I have previously written of how, in the buildup to Christmas, I went in search of various Christmas breads from all over the world. Europe has its different unique seasonal breads. One of the more common ones found in Singapore is panettone from northern Italy, a fluffy sweet bread with candied dried fruits. The traditional way of making it involves hanging it upside down for a while to make sure it doesn't collapse, like chiffon cakes.
The French galette des rois (lit. cake of kings, after the three Magi of the Bible) is also unique — the outside is crisp, and hidden in the almond paste filling is a porcelain or plastic figurine, and whoever gets the figurine gets good luck in the new year.
There are signs for every season, and these may be different for each person — for me, it is the smell of bread.
These two seasonal bakes are complicated; what I like to make myself is the easier German stollen. It is sweetish, with a texture something between bread and the English scone, full of dried fruits soaked in alcohol. When it comes out of the oven, glaze with some melted butter, cool, and wrap it up and leave it to mature for a few days in a cold, dry environment so that it tastes better. One loaf lasts for quite a while. I made it for Christmas a few years running, and after that, I think of it each time Santa comes to town.
Signs of Christmas
There are signs for every season, and these may be different for each person — for me, it is the smell of bread. All the symbols of Christmas — falling snow, snowmen, reindeer – are not part of local life and can only be represented through imagery. We are happy enough with plasticky, improvised Christmas decorations. “Santa” is someone in a costume; last year, due to the pandemic, there was a shortage of people to dress up and “ho ho ho” at US malls at Christmas. That report was also the first I learned of “Santa school”.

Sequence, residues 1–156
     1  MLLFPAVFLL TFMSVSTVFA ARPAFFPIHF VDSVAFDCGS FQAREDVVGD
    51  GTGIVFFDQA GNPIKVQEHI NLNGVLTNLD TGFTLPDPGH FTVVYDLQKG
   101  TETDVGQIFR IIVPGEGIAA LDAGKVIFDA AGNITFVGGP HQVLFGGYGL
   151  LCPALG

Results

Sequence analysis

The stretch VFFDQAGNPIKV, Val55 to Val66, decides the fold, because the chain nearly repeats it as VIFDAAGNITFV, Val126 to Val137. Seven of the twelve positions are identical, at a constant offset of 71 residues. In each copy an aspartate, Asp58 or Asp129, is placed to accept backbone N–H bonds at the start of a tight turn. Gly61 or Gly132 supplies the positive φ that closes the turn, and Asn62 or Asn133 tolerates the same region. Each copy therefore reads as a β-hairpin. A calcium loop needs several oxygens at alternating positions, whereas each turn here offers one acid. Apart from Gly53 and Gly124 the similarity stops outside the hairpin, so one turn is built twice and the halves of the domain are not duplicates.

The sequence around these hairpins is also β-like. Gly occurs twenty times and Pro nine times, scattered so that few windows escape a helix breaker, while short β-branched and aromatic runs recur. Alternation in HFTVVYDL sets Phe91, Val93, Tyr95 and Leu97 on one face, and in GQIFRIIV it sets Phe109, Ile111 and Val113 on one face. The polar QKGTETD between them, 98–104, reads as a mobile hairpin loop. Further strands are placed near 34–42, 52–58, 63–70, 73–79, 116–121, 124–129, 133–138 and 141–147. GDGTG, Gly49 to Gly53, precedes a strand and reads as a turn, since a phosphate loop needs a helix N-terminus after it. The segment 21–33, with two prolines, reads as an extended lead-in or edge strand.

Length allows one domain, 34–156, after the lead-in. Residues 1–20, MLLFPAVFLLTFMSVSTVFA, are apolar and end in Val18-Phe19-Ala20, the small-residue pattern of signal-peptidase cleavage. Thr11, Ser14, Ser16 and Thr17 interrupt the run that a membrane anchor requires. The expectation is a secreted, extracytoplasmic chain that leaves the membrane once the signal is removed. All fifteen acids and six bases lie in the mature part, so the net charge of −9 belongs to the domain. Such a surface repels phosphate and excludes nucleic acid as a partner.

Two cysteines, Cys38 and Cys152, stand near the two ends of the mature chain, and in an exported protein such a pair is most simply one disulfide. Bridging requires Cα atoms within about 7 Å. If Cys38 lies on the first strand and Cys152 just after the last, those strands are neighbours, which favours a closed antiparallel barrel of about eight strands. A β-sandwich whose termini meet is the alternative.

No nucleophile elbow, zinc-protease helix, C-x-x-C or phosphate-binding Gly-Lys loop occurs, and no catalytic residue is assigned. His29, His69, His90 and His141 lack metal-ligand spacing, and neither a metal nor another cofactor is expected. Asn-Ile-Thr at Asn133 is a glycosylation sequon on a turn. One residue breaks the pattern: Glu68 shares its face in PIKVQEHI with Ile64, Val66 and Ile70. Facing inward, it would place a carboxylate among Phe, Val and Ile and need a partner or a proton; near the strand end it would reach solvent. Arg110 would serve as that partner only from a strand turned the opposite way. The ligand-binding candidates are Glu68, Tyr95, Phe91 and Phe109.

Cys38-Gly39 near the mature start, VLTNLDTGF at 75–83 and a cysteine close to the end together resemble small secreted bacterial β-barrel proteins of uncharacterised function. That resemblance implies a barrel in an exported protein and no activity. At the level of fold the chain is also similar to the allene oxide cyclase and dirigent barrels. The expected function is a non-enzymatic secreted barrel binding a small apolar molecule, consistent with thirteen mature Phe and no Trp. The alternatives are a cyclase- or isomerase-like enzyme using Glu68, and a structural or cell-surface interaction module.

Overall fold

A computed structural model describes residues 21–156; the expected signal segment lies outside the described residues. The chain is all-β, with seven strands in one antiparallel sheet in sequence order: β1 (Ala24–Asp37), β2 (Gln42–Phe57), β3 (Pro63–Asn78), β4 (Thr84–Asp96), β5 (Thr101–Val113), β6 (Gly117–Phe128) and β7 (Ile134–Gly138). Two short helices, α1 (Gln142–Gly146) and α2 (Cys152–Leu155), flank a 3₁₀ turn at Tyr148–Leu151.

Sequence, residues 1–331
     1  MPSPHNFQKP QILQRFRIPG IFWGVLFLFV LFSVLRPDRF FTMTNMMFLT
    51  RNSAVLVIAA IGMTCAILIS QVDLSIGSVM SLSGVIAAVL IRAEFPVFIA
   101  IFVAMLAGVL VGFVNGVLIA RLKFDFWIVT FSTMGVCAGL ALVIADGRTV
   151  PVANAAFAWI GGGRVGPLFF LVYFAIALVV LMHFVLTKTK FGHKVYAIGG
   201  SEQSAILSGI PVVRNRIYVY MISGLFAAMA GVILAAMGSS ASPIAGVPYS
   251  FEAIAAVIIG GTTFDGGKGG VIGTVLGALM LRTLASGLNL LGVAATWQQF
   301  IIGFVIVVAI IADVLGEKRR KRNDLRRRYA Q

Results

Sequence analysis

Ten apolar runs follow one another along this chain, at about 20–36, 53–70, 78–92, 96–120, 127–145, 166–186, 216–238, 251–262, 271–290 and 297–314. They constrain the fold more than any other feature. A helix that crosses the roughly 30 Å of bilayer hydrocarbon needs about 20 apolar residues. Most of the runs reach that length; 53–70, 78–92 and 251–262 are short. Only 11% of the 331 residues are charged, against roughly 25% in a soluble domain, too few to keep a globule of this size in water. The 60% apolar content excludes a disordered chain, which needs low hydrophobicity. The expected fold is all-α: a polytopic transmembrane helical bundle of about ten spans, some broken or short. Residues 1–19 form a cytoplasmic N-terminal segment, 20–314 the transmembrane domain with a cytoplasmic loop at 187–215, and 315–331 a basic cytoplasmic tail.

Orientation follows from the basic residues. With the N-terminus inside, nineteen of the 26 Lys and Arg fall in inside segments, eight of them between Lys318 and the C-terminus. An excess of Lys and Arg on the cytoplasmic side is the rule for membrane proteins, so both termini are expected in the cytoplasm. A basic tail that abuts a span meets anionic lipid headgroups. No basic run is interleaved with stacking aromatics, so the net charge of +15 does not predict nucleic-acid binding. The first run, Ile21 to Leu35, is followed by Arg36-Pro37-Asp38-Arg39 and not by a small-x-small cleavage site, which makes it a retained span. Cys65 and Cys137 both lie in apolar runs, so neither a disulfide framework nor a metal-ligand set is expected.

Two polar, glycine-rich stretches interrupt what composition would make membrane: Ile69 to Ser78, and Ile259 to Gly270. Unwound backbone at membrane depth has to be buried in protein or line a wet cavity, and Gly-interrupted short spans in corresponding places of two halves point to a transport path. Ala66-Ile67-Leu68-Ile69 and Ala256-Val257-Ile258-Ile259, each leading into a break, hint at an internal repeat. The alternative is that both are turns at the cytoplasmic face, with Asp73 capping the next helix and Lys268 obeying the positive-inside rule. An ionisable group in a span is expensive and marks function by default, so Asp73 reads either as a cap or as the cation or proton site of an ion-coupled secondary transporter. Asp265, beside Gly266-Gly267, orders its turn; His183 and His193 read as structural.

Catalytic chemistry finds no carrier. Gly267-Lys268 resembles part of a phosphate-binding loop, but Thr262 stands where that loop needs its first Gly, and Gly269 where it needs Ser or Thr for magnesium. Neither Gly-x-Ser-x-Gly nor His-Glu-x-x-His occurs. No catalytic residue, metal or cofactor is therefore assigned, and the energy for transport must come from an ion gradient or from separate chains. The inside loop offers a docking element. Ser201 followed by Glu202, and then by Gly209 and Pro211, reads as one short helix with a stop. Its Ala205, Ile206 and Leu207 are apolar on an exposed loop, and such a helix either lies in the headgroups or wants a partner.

Japanese haiku includes references to seasons and festivals, the most obvious being snow, cicadas, sakura, new year money, and so on. Japanese poet Basho Matsuo set off on a 2,000-kilometre journey from Edo (currently Tokyo) to the northern interior of Japan, and the poems he wrote along the way are collected in Oku no Hosomichi (奥の細道, The Narrow Road to the Deep North or The Narrow Road to the Interior).
One of the haikus reads: “Ah, the silence, sinking into the rocks, the voice of the cicada.”* It is clear what season he is referring to. Another haiku calls for a bit more understanding: “Going to Kasajima. How much of this fifth month on this muddy road?” The rainy season on Basho's journey made the muddy road unpassable, and a tired Basho had to give up his intention to visit the burial site of Lord Sanekata of the Fujiwara family in Kasajima. Also, in Japanese, kasa (笠) sounds the same as umbrella (伞), which is associated with rain. Coupled with the muddy path, we get clues about the season. And here are two more haiku, which give a feel of the season.
“Those tending silkworms keep their ancient appearances.” (Translator’s note: This is attributed to Kawai Sora, Basho’s neighbour and travelling companion.)
“A cool fall night – getting dinner, we peeled eggplants, cucumbers.”
Nature rings in the season
The sense is that these seasons are associated with human activities, or human observations of the changing seasons.
Of the 24 solar terms, some are based on the movement of the sun. For instance, the summer solstice is the longest day of the year in the northern hemisphere, while the autumnal equinox has equal day and night. Some mark a change of weather — the “awakening of insects” (惊蛰, jingzhe) when the thundery season begins and hibernating insects awake, “grain rain” (谷雨, guyu) when the rainy season begins and early crops show their shoots, and “limit of heat” (处暑, chushu), the end of summer.
The solar terms are further divided into 72 pentads (候, hou), with three five-day pentads for each solar term. These pentads or microseasons have very pretty names: “East wind thaws the ice” (东风解冻), “First peach blossoms” (桃始华), “Warm wind arrives” (温风至), “Chrysanthemums bloom” (菊有黄华), “Grass and wood turn yellow and fall” (草木黄落), “The rainbow hides unseen” (虹藏不见), “Sky and earth begin to cool” (天地始肃).